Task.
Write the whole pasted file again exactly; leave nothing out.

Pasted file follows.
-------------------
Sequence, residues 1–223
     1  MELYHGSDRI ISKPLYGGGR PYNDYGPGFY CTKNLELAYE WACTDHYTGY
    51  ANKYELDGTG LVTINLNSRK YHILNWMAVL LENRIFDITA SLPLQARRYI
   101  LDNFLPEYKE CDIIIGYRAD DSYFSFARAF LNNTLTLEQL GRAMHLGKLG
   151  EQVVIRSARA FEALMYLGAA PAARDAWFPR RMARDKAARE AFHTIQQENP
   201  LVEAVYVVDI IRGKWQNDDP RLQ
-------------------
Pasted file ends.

Sequence, residues 1–223
     1  MELYHGSDRI ISKPLYGGGR PYNDYGPGFY CTKNLELAYE WACTDHYTGY
    51  ANKYELDGTG LVTINLNSRK YHILNWMAVL LENRIFDITA SLPLQARRYI
   101  LDNFLPEYKE CDIIIGYRAD DSYFSFARAF LNNTLTLEQL GRAMHLGKLG
   151  EQVVIRSARA FEALMYLGAA PAARDAWFPR RMARDKAARE AFHTIQQENP
   201  LVEAVYVVDI IRGKWQNDDP RLQ